Another point to be noticed is that the script has been very painstakingly written, without any loose ends. Early on in the drama, Sriram is taunted by his father about how nobody would want him as a role model, and Sriram tells him in the pre-climax that he has become a role model for someone; Sriram dissuades a tongue-tied Kamal from marrying Vasudha by posing rhetorical questions to him, but Kamal (who had not answered any questions at the time) clears his stand later in an sms to Vasudha, which she reads out to Sriram; Dia jokes with Sriram about collector Lateshbhai shaving the hair off his legs for the love of Sriram, and the collector does exactly that in the climax though he admits, he doesn’t know why Sriram asked him to do so; to a query from Sriram and Dia, the little boy in the village replies that he is not sure about what he would like to become when he grows up, but he reveals his aspirations to Sriram when he is leaving the bridge construction project midway; the Tamil custom of the bride’s father pleading with the groom to marry his daughter, just before the wedding ceremony, and the groom’s family prodding him on to run away from the marriage has first been established innocuously but used very engagingly at the time when Sriram is about to marry Vasudha. These interesting points in the script will not be lost on the audience. Dialogues, also penned by Arshad Syed and Punit Malhotra, are witty and very nice.
Imran Khan does a fine job and performs ably. He is entertaining enough as per the demands of the role. Kareena Kapoor looks gorgeous and glamorous and she also acts very effectively. Shraddha Kapoor stands her own in a friendly appearance and acts well. Nizhalgal Raviee (as Sriram’s father) and Sujatha Kumar (as Sriram’s mother) lend good support. Anupam Kher has his entertaining moments as collector Lateshbhai. Neelu Kohli (as Dia’s mother) and Manoj Bakshi (in the role of Dia’s father) provide able support. Anandi Ramachandran (as Vasudha’s mother), R. Balasubramaniam (as Vasudha’s father), Sreekant K. (in the role of Sriram’s elder brother, Jayram), Kalyani (as Sriram’s sister-in-law), Tanvir Singh (as Vasudha’s beloved, Kamal), Sachi Maker (as Joshna), Vallabh Gada (as Mohanbhai), Madhav Gogte (as Lateshbhai’s father), Kavish Majumdar (as Bhavtesh), Vineet Singh (as Mahato), Bhamini Oza (as Laali), Farzil Pardiwala (as Budhna), Jatin Sharma (as Rattan) and Feroz Bhagat (as Kirtibhai) leave their individual marks.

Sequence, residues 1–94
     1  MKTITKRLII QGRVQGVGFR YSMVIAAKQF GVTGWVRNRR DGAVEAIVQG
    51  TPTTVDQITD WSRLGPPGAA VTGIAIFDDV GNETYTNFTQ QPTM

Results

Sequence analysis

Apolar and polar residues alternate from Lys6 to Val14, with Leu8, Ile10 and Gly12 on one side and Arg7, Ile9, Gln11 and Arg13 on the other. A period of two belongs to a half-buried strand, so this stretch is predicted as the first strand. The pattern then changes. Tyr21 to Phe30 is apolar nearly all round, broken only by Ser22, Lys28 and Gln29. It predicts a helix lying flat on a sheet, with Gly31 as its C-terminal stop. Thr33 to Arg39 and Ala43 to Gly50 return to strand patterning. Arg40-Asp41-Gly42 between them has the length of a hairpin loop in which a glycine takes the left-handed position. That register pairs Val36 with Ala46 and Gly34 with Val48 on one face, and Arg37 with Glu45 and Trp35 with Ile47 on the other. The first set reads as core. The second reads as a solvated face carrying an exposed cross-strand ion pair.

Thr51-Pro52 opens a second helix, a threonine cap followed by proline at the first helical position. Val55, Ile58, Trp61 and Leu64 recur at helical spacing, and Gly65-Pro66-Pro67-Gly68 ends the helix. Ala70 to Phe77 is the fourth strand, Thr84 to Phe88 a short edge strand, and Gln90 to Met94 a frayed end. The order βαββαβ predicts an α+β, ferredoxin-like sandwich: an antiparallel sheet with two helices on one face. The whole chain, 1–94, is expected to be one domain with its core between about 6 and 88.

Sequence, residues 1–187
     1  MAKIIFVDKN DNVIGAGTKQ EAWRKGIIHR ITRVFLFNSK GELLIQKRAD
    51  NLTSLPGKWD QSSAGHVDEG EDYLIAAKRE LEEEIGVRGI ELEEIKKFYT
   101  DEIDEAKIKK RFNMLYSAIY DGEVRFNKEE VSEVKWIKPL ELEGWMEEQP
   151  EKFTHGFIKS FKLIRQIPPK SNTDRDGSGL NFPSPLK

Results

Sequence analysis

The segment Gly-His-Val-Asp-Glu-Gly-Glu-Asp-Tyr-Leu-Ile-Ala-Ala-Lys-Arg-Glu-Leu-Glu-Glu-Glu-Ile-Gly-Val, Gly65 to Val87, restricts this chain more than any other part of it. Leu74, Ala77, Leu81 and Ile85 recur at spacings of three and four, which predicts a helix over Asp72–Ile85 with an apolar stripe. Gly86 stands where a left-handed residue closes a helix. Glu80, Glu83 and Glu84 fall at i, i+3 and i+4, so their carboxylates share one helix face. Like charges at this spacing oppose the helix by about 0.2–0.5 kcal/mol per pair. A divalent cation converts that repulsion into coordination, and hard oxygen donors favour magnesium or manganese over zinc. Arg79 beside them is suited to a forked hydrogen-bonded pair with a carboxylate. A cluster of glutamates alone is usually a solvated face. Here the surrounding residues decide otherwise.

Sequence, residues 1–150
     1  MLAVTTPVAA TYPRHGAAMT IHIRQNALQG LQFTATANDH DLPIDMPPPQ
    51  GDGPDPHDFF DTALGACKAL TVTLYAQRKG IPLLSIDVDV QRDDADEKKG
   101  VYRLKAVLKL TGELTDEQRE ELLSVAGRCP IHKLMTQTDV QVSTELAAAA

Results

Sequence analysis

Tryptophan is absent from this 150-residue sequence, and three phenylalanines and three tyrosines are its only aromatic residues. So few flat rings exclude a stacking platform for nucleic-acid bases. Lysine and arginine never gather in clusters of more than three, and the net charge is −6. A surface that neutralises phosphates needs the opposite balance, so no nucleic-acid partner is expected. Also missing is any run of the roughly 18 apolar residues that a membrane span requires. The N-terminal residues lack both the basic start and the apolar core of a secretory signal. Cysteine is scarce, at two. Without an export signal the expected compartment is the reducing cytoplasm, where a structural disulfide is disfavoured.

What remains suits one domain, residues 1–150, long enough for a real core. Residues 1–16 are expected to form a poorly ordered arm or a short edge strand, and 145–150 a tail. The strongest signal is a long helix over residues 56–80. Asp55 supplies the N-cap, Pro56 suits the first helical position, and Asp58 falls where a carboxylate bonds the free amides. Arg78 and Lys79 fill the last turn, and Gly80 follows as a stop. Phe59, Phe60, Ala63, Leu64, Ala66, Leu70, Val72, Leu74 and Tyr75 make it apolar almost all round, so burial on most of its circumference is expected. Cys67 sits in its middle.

Punit Malhotra’s direction is effective. Despite a not-so-engaging screenplay after interval, his narrative style manages to keep the audience entertained. He has also extracted good work from out of his cast members. Vishal-Shekhar’s music is very good. The ‘Tooh’ and ‘Chewing gum chabaa ke’ songs are very popular. All the other songs are also appealing, their picturisations (Remo D’souza; ‘Dil duffer’ song choreographed by Jayesh) adding brilliantly to their overall appeal. Lyrics (by Anvita Dutt, Kausar Munir and Kumaar) go well with the film’s mood and characters. Salim-Sulaiman’s background music is extraordinary. Mahesh Limaye’s cinematography is splendid. Shashank Tere’s sets are lovely. Akiv Ali’s editing is sharp.
On the whole, Gori Tere Pyaar Mein! has an interesting first half but the post-interval portion, to a large extent, mars the impact because it does not go well with the first part. It has hardly anything for the single-screen cinema audience because the humour is more class-appealing. At the box-office, it will not be able to do much. If it still manages to sail safe, it will be because of recoveries from sale of satellite and audio rights. Its performance Overseas will be quite alright.